It’s been awhile since I harped on how important client satisfaction with their legal service provider is. Since starting this blog in January 2005, I have preached many, many times on how important feedback is for firms to retain existing clients or obtain referrals from them (See a few posts below on the subject).  It started with my Top Ten Marketing Tips posts; and ranked No. 3 on the list in terms of prominence when it comes to developing (and holding on to) business IMHO.

With the significant changes in the legal profession that have occurred since the “second” great depression, client feedback is needed even more now.  In fact, I should probably move it up to No. 2 on my list of best practices.

The topic has been mentioned in the Citi/Hildebrandt client advisory before, and it is again in the “2014 Client Advisory.” This year’s advisory addresses, under the topic of firm growth, three areas: organic growth, laterals and mergers.  And under organic growth, it covers the issue of client feedback and the interrelationship with cross-selling, to wit:

“In Citi’s 2013 Law Firm Leaders Survey (LexisNexis® subscription req.)…57 managing partners of predominantly Am Law (sic) 100 firms described how critical cross-selling efforts have become….(T)he survey also found that while a substantial number of firms have a formal client feedback program, the majority (53%) do not.”

Two-thirds of those that have a formal program talk with clients about cross-selling; and those who don’t often talk about price.  The advisory states that law firm clients more often ”talk about the importance of relationships with their firms.”

“Implementing a formal client feedback program is a key means by which firms can further cement their client relationships and capture greater market share.”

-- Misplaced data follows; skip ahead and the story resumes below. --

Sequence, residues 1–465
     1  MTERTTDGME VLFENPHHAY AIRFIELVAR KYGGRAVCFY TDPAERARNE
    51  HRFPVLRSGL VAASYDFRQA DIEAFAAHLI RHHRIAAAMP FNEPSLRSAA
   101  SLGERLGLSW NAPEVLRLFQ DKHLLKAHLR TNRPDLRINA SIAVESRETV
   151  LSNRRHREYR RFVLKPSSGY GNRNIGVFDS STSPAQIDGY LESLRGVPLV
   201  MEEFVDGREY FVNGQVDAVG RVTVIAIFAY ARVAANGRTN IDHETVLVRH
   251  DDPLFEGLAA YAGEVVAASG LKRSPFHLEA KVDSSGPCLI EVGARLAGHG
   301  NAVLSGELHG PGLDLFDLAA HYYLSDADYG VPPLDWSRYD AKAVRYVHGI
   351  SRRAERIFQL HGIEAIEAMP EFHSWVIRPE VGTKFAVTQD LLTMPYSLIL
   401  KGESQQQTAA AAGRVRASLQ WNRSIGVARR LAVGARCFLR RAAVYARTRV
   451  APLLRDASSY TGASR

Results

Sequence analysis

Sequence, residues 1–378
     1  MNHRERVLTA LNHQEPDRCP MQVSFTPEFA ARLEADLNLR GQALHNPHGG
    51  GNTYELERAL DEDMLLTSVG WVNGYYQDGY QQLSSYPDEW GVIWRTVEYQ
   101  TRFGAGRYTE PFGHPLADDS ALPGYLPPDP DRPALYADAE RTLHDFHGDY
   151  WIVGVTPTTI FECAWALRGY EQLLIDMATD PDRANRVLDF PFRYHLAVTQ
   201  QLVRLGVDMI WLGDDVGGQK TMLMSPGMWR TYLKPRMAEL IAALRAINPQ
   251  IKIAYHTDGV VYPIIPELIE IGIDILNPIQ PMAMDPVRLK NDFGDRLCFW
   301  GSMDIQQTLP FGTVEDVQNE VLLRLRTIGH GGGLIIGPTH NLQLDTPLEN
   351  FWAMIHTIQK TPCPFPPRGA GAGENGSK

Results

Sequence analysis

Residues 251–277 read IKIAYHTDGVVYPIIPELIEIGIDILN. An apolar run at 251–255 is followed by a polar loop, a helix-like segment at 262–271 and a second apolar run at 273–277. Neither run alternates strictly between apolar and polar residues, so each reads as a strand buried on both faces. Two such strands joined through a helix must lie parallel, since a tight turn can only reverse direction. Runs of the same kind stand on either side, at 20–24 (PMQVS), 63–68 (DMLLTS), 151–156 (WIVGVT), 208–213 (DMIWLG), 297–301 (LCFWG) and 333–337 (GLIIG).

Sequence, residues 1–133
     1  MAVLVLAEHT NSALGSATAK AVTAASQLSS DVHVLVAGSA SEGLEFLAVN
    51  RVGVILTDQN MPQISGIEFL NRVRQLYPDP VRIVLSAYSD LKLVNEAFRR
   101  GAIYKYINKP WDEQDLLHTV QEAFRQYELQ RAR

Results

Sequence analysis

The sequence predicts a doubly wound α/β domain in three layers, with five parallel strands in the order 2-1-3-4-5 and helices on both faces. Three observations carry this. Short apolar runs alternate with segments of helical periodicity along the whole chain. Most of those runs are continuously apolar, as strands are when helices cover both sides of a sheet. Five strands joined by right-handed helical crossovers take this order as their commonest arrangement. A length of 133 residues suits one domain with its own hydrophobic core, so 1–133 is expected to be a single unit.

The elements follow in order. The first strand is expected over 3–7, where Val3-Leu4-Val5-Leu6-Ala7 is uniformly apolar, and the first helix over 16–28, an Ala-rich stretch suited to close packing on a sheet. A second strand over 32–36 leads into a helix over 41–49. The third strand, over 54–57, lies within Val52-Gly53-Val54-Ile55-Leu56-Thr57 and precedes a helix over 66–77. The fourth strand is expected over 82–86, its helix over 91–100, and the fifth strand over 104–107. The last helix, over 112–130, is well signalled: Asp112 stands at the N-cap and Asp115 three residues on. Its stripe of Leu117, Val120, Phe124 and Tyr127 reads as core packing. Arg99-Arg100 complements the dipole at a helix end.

In today’s new world, it is important to solidify as many client relationships as possible in order to avoid reducing your firm’ market share.  Nah, more than that, it’s critical.

 

Client Satisfaction Surveys for Law Firms

How Satisfied Are Your Clients? Ask Them

Client Interviews: Think Defensively

Client Interviews: Why They Really Are Necessary

 

The key to success in any business is providing value.  And in today’s competitive legal market, any law firm that doesn’t know that is not talking to their clients.  Much less are they in tune with their marketplace.

If you think you are providing value to your clients, but haven’t asked them, how would you know?  John Jantsch of Duct Tape Marketing so accurately states in a post that value is “what the buyer says it is.”  He goes on to say that businesses need to “understand that one of their primary jobs is to increase value.”

How can lawyers do that?  Well, one way is to “stuff more features into your… services in an effort to make them seem better than what others have to offer.”  But even so Jantsch says businesses need to go further and “do the things that make your brand work more in the market…through tangible and intangible acts that allow you to build deeper relationships.”`

Jantsch suggests five ways to create more value:

  • Measure.  Determine what value you are providing clients already (yeah, the client can help here of course, but that means talking to them about value). You might find that either clients aren’t getting enough value, or that you are not charging enough;
  • Lead.  Be out front and offer ways to help clients more effectively with their business or personal issues.  Writing articles, making presentations, blogging, creating groups on social media sites are ways to show that leadership capability;